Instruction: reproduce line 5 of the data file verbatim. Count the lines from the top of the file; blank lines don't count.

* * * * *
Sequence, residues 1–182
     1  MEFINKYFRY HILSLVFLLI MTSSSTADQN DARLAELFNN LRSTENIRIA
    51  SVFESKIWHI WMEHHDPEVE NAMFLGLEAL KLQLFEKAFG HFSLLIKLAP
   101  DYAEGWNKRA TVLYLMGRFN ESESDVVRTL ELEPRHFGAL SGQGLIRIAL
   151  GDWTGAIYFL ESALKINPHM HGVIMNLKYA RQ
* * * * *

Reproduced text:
   151  GDWTGAIYFL ESALKINPHM HGVIMNLKYA RQ